Ecological critique is concerned with the blind spots of human intervention in nature and its repercussions, on nature as on society. It highlights how, first, nature is not simply building blocks of inert matter but a self-reflexive continuum of networks and complex chains. Second, how the human itself is a natural being by virtue of being flesh and blood. And third, that by intervening in nature the human is ultimately intervening in itself.

Work as a metabolic process involving nature

Human existence explicitly refers back to nature. In contrast to the relationship between animals and nature, humans make use of resources, tools, and techniques that are not merely found but are created specifically for a purpose. These instruments objectify human productive ends. A technical-cultural world emerges in which a way of living and interacting with nature is established and passed down through time.

In Being and Time, Heidegger showed how the relationship with nature, mediated by tools, is realised through routinised and ingrained contexts of meaning. Only when something is missing in the work process and is no longer on hand do these contexts come into question. To go a step further, an additional degree of alienation arises when everything necessary for success is on hand but the act of engaging with nature nevertheless fails. In this alienation, not only does the organising context of meaning become problematic but also the resistances and frictions that eluded the preceding structuring of meaning. Human engagement with nature encounters a hard residue that cannot be foreseen or interpreted away. Immanuel Kant referred to that residue as “thing-in-itself”, a largely hidden otherness that must always be taken into account.

Ecological thinking recognises this otherness in the relationship with nature. It accounts for adversity and obstacles, especially those that occur at an advanced level of industrial production. But the basic categories from which it develops can already be discerned in simple manual work. The elemental human engagement with nature – the practical synthesis in manual work that unites purposeful action, instrument, and the object of work – is thus the starting point for ecological reflection. The otherness appears wherever the thing does not want to do what the human wants it to do: when a form breaks before it can be given its intended shape or when the hammer strikes the finger rather than the nail. Even such small forms of adversity tend to be met with abstraction that ignores the reality of engagement with nature, to consider work as if it were exclusively a matter of ideas to be fashioned seamlessly in a product. A perspective that takes work to be a concrete form of engagement with nature, on the other hand, appreciates that a great deal happens on the journey from the possible, the preconceived purpose, to the actual, the product. From a simple engagement with nature, ecological critique learns that things often turn out differently than expected.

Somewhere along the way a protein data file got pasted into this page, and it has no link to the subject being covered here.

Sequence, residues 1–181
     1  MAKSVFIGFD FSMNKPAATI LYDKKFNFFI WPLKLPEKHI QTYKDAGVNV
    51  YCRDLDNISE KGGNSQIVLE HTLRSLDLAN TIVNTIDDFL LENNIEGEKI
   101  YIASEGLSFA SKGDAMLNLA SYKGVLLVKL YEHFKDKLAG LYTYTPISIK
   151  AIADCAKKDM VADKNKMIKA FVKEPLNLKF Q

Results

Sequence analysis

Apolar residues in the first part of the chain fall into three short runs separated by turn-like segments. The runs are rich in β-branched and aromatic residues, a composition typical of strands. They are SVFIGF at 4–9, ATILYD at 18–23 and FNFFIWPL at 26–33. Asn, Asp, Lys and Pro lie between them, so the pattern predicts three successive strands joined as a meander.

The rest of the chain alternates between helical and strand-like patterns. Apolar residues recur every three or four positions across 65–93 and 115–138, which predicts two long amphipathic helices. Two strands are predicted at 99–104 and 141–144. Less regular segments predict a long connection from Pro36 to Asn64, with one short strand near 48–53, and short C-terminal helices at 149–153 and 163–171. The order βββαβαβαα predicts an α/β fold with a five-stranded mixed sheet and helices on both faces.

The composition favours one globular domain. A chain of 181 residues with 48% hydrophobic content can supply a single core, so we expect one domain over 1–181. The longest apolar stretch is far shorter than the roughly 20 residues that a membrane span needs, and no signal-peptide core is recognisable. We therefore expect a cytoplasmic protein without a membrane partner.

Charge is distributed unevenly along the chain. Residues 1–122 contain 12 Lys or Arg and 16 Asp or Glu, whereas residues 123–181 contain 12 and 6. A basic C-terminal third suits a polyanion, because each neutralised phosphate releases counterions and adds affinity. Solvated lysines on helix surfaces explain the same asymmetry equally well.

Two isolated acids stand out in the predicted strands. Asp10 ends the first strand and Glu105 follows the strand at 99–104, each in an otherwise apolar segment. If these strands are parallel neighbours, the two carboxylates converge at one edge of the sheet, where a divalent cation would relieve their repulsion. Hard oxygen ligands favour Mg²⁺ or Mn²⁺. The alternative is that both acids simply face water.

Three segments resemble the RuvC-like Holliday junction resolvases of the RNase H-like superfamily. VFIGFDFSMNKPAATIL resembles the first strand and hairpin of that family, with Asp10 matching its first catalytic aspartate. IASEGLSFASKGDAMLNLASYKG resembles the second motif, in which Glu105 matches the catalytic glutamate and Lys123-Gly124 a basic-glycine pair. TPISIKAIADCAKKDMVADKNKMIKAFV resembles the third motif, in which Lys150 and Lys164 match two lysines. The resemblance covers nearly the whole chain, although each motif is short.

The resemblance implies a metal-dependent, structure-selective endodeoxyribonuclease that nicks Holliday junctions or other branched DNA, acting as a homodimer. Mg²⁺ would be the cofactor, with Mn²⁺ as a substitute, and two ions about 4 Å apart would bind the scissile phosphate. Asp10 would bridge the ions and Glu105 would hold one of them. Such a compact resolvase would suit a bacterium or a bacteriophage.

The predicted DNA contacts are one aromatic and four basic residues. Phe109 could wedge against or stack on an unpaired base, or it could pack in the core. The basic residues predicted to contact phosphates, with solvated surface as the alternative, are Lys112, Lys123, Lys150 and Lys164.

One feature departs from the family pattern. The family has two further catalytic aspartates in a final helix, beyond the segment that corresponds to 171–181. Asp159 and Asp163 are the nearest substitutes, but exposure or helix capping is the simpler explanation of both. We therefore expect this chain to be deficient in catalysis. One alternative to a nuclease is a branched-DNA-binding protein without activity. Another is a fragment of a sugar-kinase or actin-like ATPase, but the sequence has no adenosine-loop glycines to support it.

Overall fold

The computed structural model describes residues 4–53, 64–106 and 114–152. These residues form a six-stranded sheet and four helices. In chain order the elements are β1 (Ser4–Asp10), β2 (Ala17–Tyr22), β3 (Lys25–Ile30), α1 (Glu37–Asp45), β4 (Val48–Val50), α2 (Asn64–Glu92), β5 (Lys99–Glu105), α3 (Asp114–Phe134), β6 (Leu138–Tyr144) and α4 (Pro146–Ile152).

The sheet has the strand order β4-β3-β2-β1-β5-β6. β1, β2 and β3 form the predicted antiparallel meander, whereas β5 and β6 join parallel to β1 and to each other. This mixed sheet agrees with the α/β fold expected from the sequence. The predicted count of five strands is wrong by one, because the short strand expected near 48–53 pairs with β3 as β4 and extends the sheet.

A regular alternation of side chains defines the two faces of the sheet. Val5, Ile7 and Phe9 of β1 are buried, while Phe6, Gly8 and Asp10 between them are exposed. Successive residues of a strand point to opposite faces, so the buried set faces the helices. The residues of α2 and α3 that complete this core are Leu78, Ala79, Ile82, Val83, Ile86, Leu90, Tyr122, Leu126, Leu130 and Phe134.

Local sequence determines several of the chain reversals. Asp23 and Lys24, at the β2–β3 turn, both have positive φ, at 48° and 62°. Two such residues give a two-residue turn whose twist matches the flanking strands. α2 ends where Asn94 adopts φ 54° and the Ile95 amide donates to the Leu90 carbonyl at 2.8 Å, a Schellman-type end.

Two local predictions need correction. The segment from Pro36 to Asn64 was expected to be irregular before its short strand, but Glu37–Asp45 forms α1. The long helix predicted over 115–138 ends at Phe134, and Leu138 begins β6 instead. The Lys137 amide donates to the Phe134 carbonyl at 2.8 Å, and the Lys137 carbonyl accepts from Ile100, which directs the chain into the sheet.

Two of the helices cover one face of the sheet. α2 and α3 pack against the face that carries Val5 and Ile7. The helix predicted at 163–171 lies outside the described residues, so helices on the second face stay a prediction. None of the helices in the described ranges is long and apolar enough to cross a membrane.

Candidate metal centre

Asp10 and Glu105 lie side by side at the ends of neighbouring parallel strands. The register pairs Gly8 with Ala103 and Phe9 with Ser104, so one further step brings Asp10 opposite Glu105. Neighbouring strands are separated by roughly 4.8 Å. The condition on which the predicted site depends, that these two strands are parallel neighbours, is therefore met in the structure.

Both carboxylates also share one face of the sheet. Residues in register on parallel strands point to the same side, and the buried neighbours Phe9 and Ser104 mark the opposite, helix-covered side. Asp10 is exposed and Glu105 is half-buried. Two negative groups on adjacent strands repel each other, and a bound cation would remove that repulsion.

Ecological thinking recognises this otherness in the relationship with nature. It accounts for adversity and obstacles, especially those that occur at an advanced level of industrial production.